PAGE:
Mara Hoffman's Eco-Friendly Answer to NYFW? No Runway
“There is garbage for the programs, the food and water, the sets. So here I am not doing a show, and I don’t have any FOMO.”
Five years ago, award-winning designer Mara Hoffman saw the destructive, unsustainable path that the fashion industry was on, and decided to be a part of the solution. In the years since, she has formed a new, more environmentally friendly way to produce her collections, and in the process, has become a strong advocate for conscious consumption, proving that fashion doesn’t have to be one of the biggest polluters in the world.
For her Spring/Summer 2020 collection, this meant opting out of the traditional Fashion Week runway show, and instead bringing editors and influencers into her office to show them her collection in person. “I used to do it, but it was a different time for us,” she explained. “Everything is an energetic exchange. If you’re taking your resources to make this presentation for people, you’re taking it from somewhere else. The reality is that we debate this every season; do we need to show during Fashion Week?"
She added, “Forget sustainability for a minute. Fashion Week is just so noisy. To even get a slot and have any impact on a creative level, you have to scream the loudest. For a small brand it's not worth trading our resources.”
Not only is it hard to stand out when some brands can shell out loads of money to have big productions and top-tier stars in the front row — Fashion Week as a whole can also be pretty wasteful. “There is garbage for the programs, the food, and water, the sets. Are people renting things or are we breaking that down, and is it going into the garbage?” she asked. “So here I am not doing a show, and I don’t have any FOMO.”
As far as the collection is concerned, this season, Hoffman is sticking with her classic silhouettes complete with bright, colorful dresses; swimsuits; bold but wearable pantaloons; and even popcorn tops. All pieces that you could absolutely see landing in the wardrobe of some of her big celebrity fans like Beyoncé, Vanessa Hudgens, Keira Knightley, and Chrissy Teigen. “The initial inspiration was a family trip to Greece this summer. We’re kind of mythology buffs so being in the ancient land and feeding into that was a great way to start. I mean I’m not the first nor will I be the last to do a Greek-inspired collection. I sort of went for this late-‘80s, early-‘90s woman traveling from New York to Spain and Greece.”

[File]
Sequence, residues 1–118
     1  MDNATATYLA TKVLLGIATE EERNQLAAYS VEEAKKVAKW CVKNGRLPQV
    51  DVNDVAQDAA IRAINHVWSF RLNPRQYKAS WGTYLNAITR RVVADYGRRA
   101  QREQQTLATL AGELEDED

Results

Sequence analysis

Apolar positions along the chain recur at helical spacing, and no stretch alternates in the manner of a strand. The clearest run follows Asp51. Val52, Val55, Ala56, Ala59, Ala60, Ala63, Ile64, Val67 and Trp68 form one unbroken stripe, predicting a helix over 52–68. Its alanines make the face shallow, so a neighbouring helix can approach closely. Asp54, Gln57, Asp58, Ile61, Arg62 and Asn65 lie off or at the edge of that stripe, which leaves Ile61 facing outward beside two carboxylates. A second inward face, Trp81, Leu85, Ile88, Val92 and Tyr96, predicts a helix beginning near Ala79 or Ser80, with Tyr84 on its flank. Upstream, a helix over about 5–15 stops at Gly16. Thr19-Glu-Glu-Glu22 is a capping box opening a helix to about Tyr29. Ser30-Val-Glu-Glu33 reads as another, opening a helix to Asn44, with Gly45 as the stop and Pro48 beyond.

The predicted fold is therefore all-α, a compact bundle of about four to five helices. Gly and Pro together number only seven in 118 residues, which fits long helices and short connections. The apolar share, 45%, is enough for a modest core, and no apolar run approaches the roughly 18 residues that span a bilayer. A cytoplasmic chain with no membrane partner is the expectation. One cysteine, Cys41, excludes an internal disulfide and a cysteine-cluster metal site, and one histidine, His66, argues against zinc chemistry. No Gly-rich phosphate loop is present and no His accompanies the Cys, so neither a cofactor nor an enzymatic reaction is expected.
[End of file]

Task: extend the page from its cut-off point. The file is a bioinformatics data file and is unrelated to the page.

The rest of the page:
While there are new styles (for surf-lovers seeking sun protection, she’s making a rash guard this season), one thing that you won’t see change is the fabric. Not only have her textiles become a recognizable Mara Hoffman calling card, they're part of how she maintains her ethical standards. “Every season there isn’t much newness when it comes to fabrications. What we’ve done is really honed in on the [manufacturers] that are the most vetted, that we have the relationships, that we know have the least impact. The fabrics we use are certified organic cotton or better recycled organic cotton.”
Unlike the cliches about people at the top of their game in the fashion industry, there is no pretentiousness in Hoffman’s attitude about her work. She curses for emphasis in a way that's charming and down to earth, and recognizes where she falls short in her mission toward sustainability.
“I think there are a few ways to look at it,” she said. “It's still under the confines of economic placement. It's the same thing with organically grown food: It's limited to those who can afford it; it's a fucked up structure that we’re in. It’s really easy to be like, 'buy my sustainable clothing, here’s a $500 dress.' As if you can buy your way into this movement. You can’t.”
With this in mind, she actually encourages her customers to look for ways around buying her clothing if they can’t afford full retail. “There are also so many off markets right now where you can get a Mara Hoffman dress. You can go to theRealReal if that works for you. We are working on a take-back system that closes our own loop that gives more life to the pieces we have. We want to train people to not end the cycle of the clothes after their wear.”
As we head into a month of new fashion collections, Hoffman is both hopeful about the industry's future and realistic about the urgency of climate change. "It is change or die, across the board. The planet will go on, she’s magnificent and brilliant. It's our time and our experience that we need to be mindful about.”